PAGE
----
but also because Leipzig was host during their adult careers
to so many other musical greats, including Bach, converted
Jewish composer Felix Mendelssohn - whom Wagner reviled - and
"It's never been a Wagner city," he said in a telephone
interview. "And I'm sure it won't be better after this year
Music critic Barry Millington, whose book "The Sorcerer of
Bayreuth" adds to a bibliography some say makes Wagner the
third most written-about person in history, after Jesus and
Napoleon, says there is no extricating him from his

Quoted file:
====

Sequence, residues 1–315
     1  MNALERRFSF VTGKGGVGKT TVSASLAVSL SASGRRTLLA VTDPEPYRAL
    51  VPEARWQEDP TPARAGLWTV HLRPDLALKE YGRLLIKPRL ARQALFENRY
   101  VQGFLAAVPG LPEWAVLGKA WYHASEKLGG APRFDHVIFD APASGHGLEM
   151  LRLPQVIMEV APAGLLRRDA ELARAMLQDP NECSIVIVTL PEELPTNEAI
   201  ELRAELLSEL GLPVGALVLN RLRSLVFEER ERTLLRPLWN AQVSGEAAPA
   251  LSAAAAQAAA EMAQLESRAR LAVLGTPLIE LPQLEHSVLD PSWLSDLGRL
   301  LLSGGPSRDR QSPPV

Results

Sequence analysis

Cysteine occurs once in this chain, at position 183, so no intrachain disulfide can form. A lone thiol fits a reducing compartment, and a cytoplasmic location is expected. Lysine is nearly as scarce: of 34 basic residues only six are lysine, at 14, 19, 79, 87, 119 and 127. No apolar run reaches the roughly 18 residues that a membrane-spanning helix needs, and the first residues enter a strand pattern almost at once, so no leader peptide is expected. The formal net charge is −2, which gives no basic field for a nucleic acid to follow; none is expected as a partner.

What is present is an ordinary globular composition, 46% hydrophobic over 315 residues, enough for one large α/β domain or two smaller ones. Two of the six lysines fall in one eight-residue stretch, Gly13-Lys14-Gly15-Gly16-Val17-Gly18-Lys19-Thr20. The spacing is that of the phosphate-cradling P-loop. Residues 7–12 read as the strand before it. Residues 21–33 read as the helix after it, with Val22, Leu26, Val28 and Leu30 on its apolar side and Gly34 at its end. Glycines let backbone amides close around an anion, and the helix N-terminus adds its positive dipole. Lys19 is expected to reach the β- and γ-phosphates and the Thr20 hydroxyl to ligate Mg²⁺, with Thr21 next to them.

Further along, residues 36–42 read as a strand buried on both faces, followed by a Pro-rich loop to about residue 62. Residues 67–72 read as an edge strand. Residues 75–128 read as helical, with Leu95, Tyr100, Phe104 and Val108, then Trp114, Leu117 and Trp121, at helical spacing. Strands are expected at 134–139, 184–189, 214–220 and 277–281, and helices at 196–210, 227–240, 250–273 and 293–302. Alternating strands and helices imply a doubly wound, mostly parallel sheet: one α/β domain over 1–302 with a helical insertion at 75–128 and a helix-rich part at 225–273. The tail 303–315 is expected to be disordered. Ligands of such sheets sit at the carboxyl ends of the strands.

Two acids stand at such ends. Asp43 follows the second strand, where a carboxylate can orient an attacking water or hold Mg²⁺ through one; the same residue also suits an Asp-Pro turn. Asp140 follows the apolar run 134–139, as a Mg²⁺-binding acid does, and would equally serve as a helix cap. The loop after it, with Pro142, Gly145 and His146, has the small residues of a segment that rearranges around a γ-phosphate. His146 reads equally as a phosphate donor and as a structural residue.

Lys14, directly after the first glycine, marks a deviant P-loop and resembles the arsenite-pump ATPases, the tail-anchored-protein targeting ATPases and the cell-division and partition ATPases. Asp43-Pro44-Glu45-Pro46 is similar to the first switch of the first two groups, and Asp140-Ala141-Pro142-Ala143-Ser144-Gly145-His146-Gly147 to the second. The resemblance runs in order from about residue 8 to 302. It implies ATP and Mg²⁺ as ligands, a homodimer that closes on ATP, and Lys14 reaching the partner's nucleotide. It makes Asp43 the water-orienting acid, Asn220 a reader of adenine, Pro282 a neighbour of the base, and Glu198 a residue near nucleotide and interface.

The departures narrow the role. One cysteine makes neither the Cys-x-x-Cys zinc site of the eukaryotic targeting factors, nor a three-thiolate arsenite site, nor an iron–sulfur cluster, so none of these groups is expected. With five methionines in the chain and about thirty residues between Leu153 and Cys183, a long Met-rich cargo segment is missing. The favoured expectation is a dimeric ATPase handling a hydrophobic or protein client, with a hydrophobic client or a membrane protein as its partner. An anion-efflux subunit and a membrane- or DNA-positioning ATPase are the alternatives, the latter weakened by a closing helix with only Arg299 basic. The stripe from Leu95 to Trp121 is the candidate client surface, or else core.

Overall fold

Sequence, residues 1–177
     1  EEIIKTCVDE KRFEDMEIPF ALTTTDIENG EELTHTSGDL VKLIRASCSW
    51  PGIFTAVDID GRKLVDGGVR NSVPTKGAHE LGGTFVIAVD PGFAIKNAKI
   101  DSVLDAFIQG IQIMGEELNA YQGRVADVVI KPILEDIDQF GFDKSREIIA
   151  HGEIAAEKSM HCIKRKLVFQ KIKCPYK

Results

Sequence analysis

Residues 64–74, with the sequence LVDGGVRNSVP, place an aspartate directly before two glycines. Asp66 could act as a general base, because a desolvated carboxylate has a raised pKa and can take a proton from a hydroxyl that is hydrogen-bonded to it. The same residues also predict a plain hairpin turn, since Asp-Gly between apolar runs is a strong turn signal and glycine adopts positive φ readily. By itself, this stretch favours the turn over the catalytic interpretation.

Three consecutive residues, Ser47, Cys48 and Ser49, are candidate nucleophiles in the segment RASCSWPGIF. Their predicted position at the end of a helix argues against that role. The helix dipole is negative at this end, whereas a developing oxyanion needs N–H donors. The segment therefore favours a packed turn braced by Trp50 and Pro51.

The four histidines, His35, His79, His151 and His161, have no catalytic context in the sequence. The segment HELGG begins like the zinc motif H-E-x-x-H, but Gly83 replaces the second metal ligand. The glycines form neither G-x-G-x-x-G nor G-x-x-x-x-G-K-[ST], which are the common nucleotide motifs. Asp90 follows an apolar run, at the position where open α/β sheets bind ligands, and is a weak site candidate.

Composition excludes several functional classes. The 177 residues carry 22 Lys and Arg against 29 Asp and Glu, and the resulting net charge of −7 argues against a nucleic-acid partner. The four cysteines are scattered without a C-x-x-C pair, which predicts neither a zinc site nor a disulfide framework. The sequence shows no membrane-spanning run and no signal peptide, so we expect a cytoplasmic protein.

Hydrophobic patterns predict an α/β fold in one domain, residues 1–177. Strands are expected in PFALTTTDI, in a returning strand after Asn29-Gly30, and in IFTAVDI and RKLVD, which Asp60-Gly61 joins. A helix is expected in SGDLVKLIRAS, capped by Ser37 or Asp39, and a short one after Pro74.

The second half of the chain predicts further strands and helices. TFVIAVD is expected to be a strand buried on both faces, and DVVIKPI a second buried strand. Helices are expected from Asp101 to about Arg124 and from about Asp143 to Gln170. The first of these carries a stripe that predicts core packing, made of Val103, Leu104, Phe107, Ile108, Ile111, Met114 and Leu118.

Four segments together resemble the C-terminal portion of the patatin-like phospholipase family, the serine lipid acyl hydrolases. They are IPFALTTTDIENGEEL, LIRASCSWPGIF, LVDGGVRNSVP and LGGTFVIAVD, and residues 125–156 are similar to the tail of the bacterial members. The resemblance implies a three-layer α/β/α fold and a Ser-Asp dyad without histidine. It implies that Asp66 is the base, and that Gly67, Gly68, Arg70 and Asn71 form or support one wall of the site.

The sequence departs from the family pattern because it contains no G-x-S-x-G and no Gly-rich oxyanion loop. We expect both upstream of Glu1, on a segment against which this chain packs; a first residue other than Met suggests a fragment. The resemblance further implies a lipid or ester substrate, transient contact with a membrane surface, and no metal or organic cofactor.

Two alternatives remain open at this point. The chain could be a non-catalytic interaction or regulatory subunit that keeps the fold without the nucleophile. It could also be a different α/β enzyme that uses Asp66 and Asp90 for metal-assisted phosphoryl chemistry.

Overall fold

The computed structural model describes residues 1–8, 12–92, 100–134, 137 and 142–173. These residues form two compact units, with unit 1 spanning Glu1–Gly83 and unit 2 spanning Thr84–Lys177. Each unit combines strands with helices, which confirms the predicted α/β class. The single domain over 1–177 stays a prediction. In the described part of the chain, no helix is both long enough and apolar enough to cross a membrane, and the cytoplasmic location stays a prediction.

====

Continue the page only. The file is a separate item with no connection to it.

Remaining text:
"I'm attacked by the Wagnerians who think I am dragging him
through the mud...They want the Wagner experience to be in
this idea-free zone, they want to erect a firewall between
the music and the ideology and you can't. Wagner's music is
rooted in the ideology. That for me is what makes it
fascinating," the British author said.
Wagner's infamous 1850 essay "Judaism in Music", published at
first under a pen name and some 20 years later under his own,
took vile swipes at contemporary Jewish opera composer
Giacomo Meyerbeer and the converted Mendelssohn, depicting
them and other Jews as "a swarming colony of maggots"
feasting on the carcass of German culture. The rants
continued unabated right up to Wagner's death in a Venice
palazzo in 1883.
"Anti-Semitism is woven into the fabric of the music of
Wagner," Millington said.
Another view comes from Hamburg-based author Joachim Kohler,